Frequently Asked Questions(FAQ)

What is value averaging?
Value averaging, also known as dollar value averaging or DVA, is an investment strategy where an investor adjusts the amount invested in a particular asset to maintain a predetermined rate of growth in the total invested value. The technique aims to mitigate the risk of market fluctuations by investing more during a market decline and investing less during a market rise to maintain a constant growth rate.
How does value averaging differ from dollar-cost averaging (DCA)?
While both value averaging and dollar-cost averaging are investment strategies, the key difference lies in the approach. In dollar-cost averaging, an investor consistently invests a fixed amount of money at regular intervals, regardless of the asset’s price. Value averaging, however, focuses on adjusting the investment amount to reach a predetermined portfolio value, contributing more when the price is low and less when the price is high.
What is the goal of value averaging?
The primary goal of value averaging is to minimize the risk of market fluctuations while maintaining a steady investment growth rate. By regulating the investment amount based on market conditions, investors can potentially achieve better returns compared to investing a fixed amount at regular intervals.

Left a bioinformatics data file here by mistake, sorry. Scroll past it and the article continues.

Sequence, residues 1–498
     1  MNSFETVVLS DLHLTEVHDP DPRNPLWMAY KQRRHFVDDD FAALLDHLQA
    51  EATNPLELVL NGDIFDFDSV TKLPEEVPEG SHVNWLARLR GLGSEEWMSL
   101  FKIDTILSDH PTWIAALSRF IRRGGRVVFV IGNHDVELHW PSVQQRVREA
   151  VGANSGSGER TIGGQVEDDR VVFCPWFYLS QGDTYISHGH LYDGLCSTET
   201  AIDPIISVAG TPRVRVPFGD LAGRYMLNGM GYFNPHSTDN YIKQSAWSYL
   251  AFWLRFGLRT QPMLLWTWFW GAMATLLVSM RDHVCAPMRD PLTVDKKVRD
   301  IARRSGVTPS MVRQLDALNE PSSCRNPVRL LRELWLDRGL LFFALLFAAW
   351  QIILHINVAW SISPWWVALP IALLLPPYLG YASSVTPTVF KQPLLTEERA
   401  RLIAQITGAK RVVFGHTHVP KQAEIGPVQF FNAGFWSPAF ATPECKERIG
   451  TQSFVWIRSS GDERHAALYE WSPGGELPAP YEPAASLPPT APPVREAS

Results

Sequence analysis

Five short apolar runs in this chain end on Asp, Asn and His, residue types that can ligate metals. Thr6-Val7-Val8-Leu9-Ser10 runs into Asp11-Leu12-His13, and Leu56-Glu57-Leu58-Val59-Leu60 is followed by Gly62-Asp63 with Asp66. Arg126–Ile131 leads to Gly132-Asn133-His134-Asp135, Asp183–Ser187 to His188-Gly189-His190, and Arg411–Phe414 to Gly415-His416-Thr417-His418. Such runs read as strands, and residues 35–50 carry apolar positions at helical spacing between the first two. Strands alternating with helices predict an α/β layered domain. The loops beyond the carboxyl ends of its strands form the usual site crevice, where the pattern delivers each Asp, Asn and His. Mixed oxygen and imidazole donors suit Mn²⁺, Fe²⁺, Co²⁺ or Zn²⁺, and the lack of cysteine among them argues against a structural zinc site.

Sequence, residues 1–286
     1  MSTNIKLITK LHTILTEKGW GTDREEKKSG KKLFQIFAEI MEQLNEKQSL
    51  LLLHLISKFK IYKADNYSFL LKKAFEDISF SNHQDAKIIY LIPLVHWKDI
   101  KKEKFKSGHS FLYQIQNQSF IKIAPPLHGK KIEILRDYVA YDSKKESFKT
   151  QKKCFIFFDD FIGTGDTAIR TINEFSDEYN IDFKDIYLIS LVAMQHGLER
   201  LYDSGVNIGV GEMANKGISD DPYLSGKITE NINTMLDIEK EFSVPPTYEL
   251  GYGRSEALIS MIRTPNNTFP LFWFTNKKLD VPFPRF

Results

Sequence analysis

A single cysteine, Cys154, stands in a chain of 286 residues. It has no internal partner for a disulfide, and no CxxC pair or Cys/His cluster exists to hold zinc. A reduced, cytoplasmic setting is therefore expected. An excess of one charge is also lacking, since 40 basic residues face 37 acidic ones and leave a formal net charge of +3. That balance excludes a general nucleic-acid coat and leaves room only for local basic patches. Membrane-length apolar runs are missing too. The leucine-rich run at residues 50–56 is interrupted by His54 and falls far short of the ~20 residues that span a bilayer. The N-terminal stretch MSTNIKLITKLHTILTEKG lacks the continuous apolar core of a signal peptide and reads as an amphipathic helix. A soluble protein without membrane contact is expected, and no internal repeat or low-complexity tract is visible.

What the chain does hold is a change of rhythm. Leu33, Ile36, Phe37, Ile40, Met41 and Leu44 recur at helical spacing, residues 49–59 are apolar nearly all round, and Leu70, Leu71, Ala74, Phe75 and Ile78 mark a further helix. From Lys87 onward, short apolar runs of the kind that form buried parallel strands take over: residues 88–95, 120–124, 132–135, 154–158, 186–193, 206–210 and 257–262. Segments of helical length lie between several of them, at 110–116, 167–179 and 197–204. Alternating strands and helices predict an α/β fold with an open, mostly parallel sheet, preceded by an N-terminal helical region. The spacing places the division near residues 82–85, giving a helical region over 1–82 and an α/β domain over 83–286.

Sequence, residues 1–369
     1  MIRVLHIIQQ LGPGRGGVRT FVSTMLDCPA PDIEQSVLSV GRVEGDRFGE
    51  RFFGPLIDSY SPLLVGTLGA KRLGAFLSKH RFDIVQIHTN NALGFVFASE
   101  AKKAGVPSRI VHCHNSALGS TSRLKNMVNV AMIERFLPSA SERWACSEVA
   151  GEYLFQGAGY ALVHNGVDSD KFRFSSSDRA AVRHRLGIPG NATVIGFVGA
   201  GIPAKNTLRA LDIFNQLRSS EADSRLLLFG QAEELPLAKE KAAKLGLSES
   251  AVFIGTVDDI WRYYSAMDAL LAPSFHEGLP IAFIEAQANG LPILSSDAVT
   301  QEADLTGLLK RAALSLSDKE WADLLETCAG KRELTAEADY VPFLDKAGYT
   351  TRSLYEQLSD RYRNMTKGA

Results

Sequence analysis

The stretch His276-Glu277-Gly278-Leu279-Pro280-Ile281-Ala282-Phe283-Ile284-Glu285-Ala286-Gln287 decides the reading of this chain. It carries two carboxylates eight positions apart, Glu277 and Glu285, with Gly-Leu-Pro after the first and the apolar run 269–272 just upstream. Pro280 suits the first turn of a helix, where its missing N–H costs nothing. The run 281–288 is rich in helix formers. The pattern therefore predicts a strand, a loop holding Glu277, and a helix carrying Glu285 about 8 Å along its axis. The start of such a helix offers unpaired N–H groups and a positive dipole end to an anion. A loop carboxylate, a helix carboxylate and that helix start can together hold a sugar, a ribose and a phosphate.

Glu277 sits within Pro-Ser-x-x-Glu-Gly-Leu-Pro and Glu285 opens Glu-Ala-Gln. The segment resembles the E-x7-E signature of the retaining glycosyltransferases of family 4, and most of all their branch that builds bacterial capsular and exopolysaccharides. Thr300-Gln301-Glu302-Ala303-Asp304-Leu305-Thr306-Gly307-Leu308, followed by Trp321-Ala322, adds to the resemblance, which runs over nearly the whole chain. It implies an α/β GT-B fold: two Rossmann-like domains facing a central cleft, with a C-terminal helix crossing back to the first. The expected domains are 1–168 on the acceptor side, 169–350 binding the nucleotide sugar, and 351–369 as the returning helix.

Is value averaging suitable for all types of investors?
Value averaging is suitable for disciplined and long-term investors who can consistently invest and re-balance their portfolios at regular intervals. Due to its dependence on market timing, this investment strategy may not be ideal for those who are not comfortable with constantly monitoring their investments or who hold passive investment strategies.
How can I implement value averaging in my investment strategy?
To implement value averaging, start by determining your investment goal, the time horizon, and the targeted growth rate for your investment. Calculate the required investment amount for each period to reach the predetermined value and adjust your investments accordingly. Remember to re-balance your portfolio at regular intervals to ensure your investments stay on track with your targeted growth rate.
Are there any downsides or risks to value averaging?
Value averaging, like any investment strategy, carries risks. One of the main risks involves higher transaction costs due to frequent re-balancing, which might affect overall returns. Additionally, value averaging relies on market timing, which can be challenging to predict accurately. Investors who do not have the discipline or time to monitor the market consistently might find this strategy to be difficult to maintain in the long run.